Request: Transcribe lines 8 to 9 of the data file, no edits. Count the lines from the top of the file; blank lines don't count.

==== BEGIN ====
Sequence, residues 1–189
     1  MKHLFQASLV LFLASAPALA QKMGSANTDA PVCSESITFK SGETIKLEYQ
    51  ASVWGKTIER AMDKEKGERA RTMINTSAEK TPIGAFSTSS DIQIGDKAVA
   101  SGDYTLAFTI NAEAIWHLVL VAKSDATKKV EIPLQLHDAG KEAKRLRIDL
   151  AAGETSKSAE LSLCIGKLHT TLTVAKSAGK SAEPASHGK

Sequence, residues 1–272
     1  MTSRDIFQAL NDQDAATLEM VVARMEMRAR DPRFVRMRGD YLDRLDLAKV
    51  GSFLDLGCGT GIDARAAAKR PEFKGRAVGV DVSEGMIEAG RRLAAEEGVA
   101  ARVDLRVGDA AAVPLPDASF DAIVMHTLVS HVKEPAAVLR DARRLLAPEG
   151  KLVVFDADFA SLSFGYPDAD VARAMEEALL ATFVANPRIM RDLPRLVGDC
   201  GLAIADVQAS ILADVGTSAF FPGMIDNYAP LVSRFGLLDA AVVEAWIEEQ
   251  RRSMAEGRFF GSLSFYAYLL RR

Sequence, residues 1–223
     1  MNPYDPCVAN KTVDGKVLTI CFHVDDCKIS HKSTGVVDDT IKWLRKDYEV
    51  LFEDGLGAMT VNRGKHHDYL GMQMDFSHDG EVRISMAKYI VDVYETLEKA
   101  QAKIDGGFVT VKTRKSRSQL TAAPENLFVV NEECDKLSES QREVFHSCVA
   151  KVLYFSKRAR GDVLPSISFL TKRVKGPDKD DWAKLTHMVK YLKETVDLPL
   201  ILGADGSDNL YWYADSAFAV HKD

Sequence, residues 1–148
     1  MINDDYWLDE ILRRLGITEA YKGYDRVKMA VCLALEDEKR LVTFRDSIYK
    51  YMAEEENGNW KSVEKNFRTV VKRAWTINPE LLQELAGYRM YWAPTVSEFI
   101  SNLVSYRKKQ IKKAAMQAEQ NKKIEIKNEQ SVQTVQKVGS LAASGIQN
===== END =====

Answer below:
    51  GSFLDLGCGT GIDARAAAKR PEFKGRAVGV DVSEGMIEAG RRLAAEEGVA
   101  ARVDLRVGDA AAVPLPDASF DAIVMHTLVS HVKEPAAVLR DARRLLAPEG